AND MORE: I was being facetious about political spam. It's protected of course. Which means that regardless of its insincerity, it's not "real" spam. The philosophical implications (i.e. why gratuitously advertising things is more egregious than gratuitously advertising ideas or politicians) will have to wait.
I never know what to say on Veteran's Day, because it happens on the same day every year, and I'm not terribly good at writing things that aren't spontaneous. But that doesn't change the fact that today is an important day to remember all U.S. veterans -- whether deceased or living.
Regarding the living, there are fewer and fewer. Today's Philadelphia Inquirer supplies some statistics:
U.S. War VeteransI have always disliked the way anti-war activists dwell on the Iraq War dead (a tactic also used during the Vietnam War), because it undercuts the fact that these veterans gave their lives for something they believed in. That activists would use their deaths to oppose the very cause they died for strikes me as worse than disingenuous. The bright side, though, is that the fact of their very deaths being used this way is a graphic illustration that the freedom they died for is alive and well.
Anyway, one such veteran -- Special Forces Capt. Jeffrey P. Toczylowski -- from Montgomery County, Pennsylvania (which happens to be my county), anticipated that his death might be used as fodder for the anti-war effort. So, taking advantage of a medium which he knew would survive him, he composed an email to his family (the full text of which is here):
If you are getting this email, it means that I have passed away. No, it's not a sick Toz joke, but a letter I wanted to write in case this happened. Please don't be sad for me. It was an honor to serve my country, and I wouldn't change a thing. It was just my time.Captain Toczylowski died in Iraq on November 3, and it wasn't in vain at all. I think it should be remembered that the enemy he died fighting would have much preferred to pull off this week's triple hotel bombing in the United States, but they had to settle for Amman, Jordan. For that we should thank him, and others like him.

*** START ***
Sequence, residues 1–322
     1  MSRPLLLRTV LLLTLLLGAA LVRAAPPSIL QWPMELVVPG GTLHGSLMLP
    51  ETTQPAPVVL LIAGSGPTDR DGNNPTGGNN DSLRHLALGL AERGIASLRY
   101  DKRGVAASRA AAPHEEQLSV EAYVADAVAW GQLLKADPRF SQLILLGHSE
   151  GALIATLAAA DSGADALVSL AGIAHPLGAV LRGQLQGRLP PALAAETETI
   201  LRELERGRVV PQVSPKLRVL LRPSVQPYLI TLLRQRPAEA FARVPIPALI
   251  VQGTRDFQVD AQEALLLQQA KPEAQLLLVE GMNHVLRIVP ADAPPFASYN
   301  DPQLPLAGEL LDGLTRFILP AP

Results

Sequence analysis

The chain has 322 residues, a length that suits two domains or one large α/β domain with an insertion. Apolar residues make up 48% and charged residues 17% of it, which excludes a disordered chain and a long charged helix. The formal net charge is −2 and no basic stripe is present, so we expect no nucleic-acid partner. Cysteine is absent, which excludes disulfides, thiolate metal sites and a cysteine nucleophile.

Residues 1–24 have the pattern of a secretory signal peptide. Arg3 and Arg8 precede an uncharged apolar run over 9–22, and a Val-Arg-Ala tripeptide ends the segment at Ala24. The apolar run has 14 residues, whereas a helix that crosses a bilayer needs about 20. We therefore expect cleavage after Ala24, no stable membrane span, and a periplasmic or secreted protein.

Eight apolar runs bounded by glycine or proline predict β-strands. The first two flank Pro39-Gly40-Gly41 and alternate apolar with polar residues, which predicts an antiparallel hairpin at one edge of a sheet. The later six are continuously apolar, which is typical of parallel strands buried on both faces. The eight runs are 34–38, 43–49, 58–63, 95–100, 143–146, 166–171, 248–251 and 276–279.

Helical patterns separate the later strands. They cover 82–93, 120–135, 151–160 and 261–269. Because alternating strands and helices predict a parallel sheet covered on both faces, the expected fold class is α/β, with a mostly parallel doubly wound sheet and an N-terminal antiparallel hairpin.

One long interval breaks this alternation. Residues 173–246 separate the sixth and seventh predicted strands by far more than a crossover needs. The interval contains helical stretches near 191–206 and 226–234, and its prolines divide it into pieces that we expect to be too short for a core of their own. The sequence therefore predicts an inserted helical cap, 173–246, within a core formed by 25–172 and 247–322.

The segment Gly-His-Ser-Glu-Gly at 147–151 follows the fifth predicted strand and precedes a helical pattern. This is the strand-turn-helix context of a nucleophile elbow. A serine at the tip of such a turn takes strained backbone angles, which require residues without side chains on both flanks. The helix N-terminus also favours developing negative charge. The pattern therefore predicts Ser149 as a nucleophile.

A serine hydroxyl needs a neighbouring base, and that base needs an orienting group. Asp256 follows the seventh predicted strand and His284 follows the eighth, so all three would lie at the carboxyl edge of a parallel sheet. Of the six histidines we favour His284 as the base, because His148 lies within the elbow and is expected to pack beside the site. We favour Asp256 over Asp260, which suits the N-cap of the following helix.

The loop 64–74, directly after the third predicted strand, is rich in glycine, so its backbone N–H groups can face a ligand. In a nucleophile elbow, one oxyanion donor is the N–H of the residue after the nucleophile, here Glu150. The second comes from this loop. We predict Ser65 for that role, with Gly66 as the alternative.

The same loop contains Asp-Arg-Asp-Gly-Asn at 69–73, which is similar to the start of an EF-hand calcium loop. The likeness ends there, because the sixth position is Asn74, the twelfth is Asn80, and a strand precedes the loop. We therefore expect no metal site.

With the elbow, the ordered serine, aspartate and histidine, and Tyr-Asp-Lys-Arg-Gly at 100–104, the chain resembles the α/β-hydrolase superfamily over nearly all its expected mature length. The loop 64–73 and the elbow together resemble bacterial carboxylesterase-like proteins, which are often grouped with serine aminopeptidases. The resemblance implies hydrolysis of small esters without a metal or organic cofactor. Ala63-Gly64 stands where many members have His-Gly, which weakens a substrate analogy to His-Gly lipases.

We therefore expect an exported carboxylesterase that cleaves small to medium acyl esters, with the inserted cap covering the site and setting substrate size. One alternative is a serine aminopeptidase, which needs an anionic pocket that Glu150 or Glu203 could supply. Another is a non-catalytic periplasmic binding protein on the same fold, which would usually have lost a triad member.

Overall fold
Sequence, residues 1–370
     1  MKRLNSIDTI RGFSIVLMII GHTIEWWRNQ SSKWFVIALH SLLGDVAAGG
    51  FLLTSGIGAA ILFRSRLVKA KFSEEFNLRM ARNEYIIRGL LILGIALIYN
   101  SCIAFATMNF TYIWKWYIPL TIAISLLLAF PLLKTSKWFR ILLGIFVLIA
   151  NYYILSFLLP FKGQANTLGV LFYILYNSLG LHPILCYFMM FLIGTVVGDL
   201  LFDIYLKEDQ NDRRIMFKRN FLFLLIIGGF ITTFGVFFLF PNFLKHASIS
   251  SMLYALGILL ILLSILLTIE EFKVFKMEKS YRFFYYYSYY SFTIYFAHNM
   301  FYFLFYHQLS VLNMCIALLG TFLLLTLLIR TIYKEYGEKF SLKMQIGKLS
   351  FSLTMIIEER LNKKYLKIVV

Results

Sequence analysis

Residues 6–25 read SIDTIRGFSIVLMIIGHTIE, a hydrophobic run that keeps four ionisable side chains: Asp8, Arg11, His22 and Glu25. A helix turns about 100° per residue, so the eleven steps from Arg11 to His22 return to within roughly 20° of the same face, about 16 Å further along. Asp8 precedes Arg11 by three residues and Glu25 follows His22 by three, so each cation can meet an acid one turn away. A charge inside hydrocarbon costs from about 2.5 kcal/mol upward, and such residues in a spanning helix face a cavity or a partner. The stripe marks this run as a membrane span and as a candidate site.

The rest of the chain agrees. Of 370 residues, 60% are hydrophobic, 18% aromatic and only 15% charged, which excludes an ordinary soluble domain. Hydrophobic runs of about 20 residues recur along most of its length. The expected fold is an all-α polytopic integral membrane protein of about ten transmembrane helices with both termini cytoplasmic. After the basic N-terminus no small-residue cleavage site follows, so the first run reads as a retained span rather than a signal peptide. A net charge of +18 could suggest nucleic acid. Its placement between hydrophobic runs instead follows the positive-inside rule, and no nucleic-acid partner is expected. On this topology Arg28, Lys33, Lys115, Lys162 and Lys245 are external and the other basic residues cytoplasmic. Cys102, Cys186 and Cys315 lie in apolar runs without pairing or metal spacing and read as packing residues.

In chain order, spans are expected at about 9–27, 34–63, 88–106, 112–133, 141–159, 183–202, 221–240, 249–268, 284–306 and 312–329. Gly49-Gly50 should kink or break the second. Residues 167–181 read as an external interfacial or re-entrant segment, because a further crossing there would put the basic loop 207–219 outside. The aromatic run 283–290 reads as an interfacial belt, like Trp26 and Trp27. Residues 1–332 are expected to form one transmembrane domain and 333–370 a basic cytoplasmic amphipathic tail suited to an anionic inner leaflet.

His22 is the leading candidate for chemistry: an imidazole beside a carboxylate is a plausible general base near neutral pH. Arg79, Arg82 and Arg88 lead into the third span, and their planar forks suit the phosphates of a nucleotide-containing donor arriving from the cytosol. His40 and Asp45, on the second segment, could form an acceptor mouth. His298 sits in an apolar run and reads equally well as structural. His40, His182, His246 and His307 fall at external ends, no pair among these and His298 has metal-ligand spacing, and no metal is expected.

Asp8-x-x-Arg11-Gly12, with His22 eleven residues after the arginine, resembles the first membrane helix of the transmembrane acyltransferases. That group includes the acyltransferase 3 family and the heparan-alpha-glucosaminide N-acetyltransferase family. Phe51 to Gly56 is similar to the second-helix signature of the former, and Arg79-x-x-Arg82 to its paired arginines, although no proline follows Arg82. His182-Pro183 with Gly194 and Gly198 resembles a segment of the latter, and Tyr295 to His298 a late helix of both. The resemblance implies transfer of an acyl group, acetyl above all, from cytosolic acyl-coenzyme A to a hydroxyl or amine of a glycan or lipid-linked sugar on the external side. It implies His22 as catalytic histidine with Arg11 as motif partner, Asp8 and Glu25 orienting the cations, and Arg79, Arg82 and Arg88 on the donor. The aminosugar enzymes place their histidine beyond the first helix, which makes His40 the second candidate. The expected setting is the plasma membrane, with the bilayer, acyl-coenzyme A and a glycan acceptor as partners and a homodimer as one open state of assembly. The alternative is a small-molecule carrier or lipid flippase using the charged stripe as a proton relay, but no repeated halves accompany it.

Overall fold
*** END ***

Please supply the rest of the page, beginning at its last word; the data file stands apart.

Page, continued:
Captain Toczylowski's regret that he couldn't do more only makes me wish I could do more.
So remember the veterans.
Thursday, November 10, 2005
Good art is cheaper than bad art!
I'm sorry, but I just don't think I'd pay $23.8 million for this:
But that's exactly what a New York art dealer paid:
NEW YORK (AFP) - A large-scale metal sculpture by American artist David Smith has become the most expensive work of contemporary art ever sold at auction, fetching 23.8 million dollars at Sotheby's in New York.I don't care how rare it is; I just don't like it. The flow isn't there for me.
I asked a friend who's an art collector and an artist himself. His immediate reaction?
"What a piece of trash! The emperor's new clothes!!!"
I told him that I thought a 1950s bumper sculpture he owns would be worth far more to me, and that if he'd send me a photo, I'd be glad to put it in my blog.
So here it is:
(It's made from 1950s car bumpers.)
In all honesty, I would pay more for the bumper sculpture than I would for the one that fetched the $23.8 million.
I know there's no accounting for taste, things are worth what they sell for, and you get what you pay for. I'd rather get value.
Newsflash! France needs affirmative action!
Unless something is very wrong with my counter, I don't think I get as many visitors as Matt Drudge, so I think it might be time to visit the Wizard and ask some basic questions.
What's Drudge have that I haven't got?
For one thing, he has a flashing police light!
Whenever he has a big story, that light appears right over it.
There's absolutely no reason why I can't have the same thing.
Fair is fair!
Not only that, I don't even need to steal the animated gif from Drudge. There are plenty of other flashing lights available.
A few choices:
How's that for flashy?
Twins! Not bad.
Well, that's a Drudge clone but smaller, and I'm trying to be original, so I'll pass on that one.
Too puny! They might think I have nothing to, um, flash.
So where's the story?
Obviously, the real story is that France needs affirmative action.
At least, if you read Ken Dilanian's latest piece, you'd realize that the reason America's cities aren't on fire is because of affirmative action:
Last year, a French sociologist answered 258 help-wanted ads for salespeople by sending nearly 2,000 fictitious resumes with identical qualifications, and photos attached, as is the custom here.(BTW, Dilanian had a different spin earlier in the week, but that's his right.)
Since when does equality translate into affirmative action? Isn't that like saying equal opportunity must mean equal results?
I'm wondering whether this affirmative action meme falls into what GaijinBiker calls "cherry-picked facts, misleading comparisons, and hackneyed, sky-is-falling negativity soundly debunked by actual events." (Via Glenn Reynolds.)
While you might think France would love affirmative action, the problem (as Colby Cosh reminds us) is that the French "regard multiculturalism as just another one of our [Anglo American] stupid innovations." This was further confirmed by a New York Times report identifying Interior Minister Sarkozy as an affirmative action advocate: